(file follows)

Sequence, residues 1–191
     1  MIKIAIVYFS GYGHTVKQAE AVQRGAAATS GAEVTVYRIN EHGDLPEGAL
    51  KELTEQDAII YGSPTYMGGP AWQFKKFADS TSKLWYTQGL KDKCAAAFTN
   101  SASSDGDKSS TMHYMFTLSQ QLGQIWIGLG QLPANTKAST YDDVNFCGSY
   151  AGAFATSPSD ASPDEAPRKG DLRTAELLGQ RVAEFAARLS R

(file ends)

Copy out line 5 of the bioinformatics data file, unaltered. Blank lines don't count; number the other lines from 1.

   151  AGAFATSPSD ASPDEAPRKG DLRTAELLGQ RVAEFAARLS R